“A good mother does not run from her child’s home. She always stays and fights.”
Titilope Ojo left Nigeria for the United States over a decade ago, but her mother’s words remain fresh in her mind. Titilope is married to Tomide, a handsome and charismatic man who she is afraid of. She spends each day anticipating his moods and lives in fear of offending him. She takes great care to try and love him just the way he wants, but will it ever be enough?
As her life continues to spiral out of control, Titilope finds herself alone at a crossroad where she must choose between duty and survival.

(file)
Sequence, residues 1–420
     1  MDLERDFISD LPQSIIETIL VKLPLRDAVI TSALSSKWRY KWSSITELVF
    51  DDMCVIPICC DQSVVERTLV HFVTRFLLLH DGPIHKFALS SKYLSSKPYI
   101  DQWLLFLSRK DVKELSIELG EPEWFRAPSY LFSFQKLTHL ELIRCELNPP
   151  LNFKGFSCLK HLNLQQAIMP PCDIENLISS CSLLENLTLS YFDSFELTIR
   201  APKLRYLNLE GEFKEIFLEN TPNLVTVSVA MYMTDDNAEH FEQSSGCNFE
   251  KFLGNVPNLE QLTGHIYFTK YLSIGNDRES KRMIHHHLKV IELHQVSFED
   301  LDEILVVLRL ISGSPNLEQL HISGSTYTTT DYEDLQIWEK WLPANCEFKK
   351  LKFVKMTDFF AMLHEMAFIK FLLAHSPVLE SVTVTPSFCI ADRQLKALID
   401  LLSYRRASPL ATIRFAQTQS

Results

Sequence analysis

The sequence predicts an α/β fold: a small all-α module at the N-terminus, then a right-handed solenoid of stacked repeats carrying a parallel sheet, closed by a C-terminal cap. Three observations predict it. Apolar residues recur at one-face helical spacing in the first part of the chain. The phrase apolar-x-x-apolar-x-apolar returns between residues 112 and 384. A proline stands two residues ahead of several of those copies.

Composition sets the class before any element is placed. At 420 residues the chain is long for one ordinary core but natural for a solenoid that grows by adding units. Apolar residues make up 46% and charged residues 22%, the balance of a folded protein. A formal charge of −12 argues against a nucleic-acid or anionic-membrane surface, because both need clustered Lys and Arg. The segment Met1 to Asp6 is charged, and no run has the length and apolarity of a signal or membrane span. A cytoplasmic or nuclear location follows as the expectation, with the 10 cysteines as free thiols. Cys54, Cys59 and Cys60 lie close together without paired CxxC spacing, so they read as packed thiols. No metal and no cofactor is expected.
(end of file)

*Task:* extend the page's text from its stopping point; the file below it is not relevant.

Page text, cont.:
In Chasing Butterflies, Yejide Kilanko creates a detailed and moving portrait of a difficult and harrowing marriage. She uses crystal-clear prose to demonstrate the points of view of both parties and the little child caught in the crossfire of parents who are struggling to be heard and appreciated in their partnership.